Five Common Reasons Why Closings Are Adjourned
Whether it’s a complex commercial transaction or a typical residential purchase, closings should be exuberant and stress-free experiences for all parties involved. After all the contract negotiations, compromises, e-mails, texts, phone calls, it’s finally time to put pen to paper and close the deal. However, it is important to be aware of some common pitfalls that can bring a closing to an immediate halt and perhaps force an adjournment. Some of these problems are more practical rather than legal; but regardless, they are important to be prepared for so buyer(s) and seller(s) do not leave the closing in stunned silence. Here are five situations to be wary of when getting ready to close.
1. An executor or trustee gives a power of attorney to a third party
New York Estate law states that “The duty of a fiduciary is personal and cannot be divested by delegation.” In other words, an executor, trustee or administrator has been entrusted by a principal to take care of his/her assets and act in the principle’s best interest. He/she did not entrust their assets to this third party. Therefore, a fiduciary granting power of attorney to a third party would result in an adjournment unless the original fiduciary or grantor to the trust is in close proximity to the closing and can get there in a reasonable amount of time. When dealing with administrators, executors, heirs, trustees, etc., you can never be too careful!
2. Knowing Who’s Who – Executors and Devisees
One scenario occurs in this category when a probated will results in Letters Testamentary issued to two executors, but only one attends the closing to execute the deed. This should be very straightforward. If there are two fiduciaries, the actions must be unanimous, while if there are three or more, a majority is required. Therefore, if there are two executors appointed by the will, they both must act. If there are more than two, the majority must act. We already know that one of the executors cannot issue a power of attorney to the other. Therefore, in order for the closing to continue the other executor must be present.
Scenario two is when a probated will names a specific devisee, but the executor attends the closing to execute the deed instead. Once a specific devisee is named, the executor has lost the power of the sale. Because of this, only the specific devisee can convey the real property. According to the EPTL (Estates, Powers and Trust Law), the executor has power “except where such property or any estate therein is specifically disposed of.” Once a will creates a specific devisee and says “I give my home to John Doe”, a specific devisee has been established and the executor cannot convey the property. Bottom line – the closing must be adjourned unless the specific devisee is present.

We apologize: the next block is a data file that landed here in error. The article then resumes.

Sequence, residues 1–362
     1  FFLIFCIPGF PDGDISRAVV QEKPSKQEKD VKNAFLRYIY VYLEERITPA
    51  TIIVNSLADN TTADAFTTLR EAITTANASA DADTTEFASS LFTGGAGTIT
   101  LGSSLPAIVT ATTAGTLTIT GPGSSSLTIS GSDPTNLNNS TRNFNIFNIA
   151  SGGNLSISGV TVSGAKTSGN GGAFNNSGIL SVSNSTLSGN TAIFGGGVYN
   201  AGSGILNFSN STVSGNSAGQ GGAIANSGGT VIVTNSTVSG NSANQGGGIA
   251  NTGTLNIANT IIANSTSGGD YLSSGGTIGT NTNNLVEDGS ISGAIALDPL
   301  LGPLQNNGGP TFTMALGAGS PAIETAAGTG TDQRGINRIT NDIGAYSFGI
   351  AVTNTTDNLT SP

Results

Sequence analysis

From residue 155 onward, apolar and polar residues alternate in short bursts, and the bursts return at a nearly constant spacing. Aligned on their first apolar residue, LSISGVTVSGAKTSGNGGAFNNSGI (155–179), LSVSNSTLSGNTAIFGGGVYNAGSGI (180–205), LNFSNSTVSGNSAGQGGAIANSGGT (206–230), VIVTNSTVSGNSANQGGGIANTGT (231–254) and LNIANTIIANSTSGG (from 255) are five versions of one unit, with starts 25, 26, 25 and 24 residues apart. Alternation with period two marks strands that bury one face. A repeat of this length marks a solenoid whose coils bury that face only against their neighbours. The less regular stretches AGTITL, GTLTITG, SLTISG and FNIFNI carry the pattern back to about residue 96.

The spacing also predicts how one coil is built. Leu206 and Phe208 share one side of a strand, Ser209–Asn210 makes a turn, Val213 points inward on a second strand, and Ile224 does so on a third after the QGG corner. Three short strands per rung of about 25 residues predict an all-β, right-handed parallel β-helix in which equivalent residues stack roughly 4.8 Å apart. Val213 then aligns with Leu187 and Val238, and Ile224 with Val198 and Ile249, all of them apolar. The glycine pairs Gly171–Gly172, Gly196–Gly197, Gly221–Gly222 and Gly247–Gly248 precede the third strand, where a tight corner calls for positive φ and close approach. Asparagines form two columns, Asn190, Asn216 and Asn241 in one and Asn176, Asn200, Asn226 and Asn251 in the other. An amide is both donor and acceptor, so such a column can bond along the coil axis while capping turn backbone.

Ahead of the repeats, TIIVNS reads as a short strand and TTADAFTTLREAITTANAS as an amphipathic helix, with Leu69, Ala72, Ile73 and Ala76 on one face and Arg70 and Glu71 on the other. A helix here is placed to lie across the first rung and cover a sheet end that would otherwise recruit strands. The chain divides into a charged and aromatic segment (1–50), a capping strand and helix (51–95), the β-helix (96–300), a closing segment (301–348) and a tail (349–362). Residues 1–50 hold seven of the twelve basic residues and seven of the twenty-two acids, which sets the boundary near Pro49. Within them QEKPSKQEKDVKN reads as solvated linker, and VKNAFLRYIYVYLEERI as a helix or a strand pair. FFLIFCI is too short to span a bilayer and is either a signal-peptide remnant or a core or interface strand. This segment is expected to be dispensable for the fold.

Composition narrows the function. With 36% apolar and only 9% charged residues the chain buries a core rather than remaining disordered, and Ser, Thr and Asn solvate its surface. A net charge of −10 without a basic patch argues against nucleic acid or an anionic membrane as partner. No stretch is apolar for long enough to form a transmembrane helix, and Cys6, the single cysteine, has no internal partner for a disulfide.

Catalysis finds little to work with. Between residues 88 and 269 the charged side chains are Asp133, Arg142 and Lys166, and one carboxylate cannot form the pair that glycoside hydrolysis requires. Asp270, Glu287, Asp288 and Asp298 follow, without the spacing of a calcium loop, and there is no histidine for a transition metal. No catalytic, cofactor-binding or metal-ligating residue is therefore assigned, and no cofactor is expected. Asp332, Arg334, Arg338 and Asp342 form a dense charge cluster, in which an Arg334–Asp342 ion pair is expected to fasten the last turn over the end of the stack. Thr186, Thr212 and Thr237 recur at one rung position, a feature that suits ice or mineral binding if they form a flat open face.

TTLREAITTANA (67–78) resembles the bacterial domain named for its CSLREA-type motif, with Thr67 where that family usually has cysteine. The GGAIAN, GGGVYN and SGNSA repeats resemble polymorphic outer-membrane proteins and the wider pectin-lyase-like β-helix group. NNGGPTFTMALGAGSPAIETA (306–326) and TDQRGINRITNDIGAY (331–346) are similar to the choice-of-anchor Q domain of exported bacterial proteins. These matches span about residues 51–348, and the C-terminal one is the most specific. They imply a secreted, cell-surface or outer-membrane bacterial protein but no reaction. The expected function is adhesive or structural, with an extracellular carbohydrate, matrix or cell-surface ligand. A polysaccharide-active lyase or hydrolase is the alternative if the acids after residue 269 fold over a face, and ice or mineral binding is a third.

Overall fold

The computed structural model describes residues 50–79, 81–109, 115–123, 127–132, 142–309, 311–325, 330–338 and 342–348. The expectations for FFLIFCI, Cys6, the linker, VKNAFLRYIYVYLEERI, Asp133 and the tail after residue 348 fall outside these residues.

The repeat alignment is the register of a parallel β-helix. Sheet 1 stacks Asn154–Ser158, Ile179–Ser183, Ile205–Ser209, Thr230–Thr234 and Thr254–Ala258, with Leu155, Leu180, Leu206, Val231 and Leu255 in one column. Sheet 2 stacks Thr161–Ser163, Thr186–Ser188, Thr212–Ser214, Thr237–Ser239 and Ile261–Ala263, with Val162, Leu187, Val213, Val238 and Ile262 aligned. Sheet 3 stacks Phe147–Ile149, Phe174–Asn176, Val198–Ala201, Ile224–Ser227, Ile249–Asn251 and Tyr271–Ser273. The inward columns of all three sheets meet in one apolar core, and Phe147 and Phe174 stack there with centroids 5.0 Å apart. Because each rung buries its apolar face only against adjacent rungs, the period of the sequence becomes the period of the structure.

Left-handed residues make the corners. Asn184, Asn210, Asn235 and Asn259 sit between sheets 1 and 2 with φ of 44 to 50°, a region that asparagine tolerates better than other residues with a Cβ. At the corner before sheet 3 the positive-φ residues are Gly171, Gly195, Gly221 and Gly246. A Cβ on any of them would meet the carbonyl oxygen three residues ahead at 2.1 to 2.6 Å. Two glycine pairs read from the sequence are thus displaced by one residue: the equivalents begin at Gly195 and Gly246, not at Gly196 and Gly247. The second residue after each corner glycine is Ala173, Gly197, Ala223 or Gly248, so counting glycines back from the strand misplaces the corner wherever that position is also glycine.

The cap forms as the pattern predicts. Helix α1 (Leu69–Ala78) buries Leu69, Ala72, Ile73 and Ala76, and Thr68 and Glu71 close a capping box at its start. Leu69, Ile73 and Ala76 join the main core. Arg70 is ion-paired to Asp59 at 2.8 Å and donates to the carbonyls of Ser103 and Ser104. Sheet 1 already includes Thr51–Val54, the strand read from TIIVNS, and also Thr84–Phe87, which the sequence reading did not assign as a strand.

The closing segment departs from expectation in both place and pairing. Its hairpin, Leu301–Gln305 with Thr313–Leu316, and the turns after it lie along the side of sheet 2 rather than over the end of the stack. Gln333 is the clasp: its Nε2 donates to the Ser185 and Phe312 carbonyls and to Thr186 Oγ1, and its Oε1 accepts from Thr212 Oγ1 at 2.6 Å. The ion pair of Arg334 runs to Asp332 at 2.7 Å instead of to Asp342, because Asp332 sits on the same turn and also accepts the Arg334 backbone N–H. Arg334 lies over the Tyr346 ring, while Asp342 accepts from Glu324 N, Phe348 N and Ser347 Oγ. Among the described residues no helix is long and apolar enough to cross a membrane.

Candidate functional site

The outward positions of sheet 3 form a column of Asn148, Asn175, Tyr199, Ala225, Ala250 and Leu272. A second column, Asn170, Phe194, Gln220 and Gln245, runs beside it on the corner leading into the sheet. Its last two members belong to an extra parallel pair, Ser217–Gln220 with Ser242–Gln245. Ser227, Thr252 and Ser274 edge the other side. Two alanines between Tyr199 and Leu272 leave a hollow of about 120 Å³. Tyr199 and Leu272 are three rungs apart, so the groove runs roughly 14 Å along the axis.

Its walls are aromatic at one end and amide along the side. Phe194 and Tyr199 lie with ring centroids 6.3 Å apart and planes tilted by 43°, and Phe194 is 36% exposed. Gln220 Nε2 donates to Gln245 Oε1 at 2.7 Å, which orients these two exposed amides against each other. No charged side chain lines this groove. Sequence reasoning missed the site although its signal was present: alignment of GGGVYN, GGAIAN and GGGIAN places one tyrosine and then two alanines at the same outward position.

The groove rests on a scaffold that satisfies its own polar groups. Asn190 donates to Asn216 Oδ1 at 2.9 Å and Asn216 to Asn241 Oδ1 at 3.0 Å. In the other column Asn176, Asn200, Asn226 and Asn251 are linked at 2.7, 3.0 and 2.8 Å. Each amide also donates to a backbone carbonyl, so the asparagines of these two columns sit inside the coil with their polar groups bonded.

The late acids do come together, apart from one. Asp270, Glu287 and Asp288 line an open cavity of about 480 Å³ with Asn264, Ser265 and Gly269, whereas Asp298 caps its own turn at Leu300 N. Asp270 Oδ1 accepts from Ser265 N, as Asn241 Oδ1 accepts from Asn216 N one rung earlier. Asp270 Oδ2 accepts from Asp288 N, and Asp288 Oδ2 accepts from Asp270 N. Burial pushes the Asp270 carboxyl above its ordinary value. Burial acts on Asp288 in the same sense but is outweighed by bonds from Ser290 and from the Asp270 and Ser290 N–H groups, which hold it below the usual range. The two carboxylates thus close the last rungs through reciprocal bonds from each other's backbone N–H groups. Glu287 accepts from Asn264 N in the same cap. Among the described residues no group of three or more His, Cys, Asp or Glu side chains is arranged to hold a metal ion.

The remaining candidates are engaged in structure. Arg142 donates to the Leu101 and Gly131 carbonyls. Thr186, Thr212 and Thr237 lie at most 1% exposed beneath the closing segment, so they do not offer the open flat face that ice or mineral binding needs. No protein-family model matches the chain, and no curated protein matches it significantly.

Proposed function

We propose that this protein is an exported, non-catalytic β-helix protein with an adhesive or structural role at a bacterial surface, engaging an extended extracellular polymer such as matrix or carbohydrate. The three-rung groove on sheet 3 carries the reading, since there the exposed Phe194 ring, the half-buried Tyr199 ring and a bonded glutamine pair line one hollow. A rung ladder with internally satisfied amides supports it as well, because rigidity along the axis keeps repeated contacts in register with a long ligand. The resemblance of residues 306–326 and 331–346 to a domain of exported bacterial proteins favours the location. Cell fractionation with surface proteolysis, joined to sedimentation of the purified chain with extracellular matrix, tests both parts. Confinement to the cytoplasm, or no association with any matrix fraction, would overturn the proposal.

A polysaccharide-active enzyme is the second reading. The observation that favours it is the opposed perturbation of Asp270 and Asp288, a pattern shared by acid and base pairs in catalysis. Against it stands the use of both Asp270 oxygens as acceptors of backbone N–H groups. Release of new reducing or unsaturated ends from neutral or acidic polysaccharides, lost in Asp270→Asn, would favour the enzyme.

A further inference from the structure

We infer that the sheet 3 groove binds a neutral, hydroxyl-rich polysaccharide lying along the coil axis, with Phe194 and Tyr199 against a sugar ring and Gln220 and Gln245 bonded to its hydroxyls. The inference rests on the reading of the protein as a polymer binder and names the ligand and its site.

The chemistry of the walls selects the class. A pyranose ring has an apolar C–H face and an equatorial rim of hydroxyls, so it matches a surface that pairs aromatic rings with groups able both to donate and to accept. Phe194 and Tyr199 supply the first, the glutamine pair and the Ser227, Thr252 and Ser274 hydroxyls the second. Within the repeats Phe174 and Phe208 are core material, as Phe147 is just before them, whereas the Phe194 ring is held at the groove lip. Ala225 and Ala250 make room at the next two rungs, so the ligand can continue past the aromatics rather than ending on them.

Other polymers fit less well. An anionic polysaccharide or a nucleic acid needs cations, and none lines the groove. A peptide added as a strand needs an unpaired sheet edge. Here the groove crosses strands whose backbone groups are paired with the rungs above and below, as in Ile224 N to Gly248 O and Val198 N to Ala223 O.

3. No Letters Testamentary and no Heirship Affidavits
One example of a problem occurs when the executor of a will that is not probated arrives at closing to execute the deed. This person has no standing in the transaction. A valid fiduciary is someone that has received letters to administer the estate of a decedent; therefore, an executor needs Letters Testamentary granted to dispose any part of the estate. These are documents issued by a court that authorizes the executor of a will to take control of a deceased person’s estate. Without a probated will, you need all the heirs of the testator to either have executed an Heirship Affidavit or have them all present at the closing to do so, or obtain and present original Letters Testamentary. If the Heirship Affidavit is executed or original Letters Testamentary are presented, then the closing can go forward.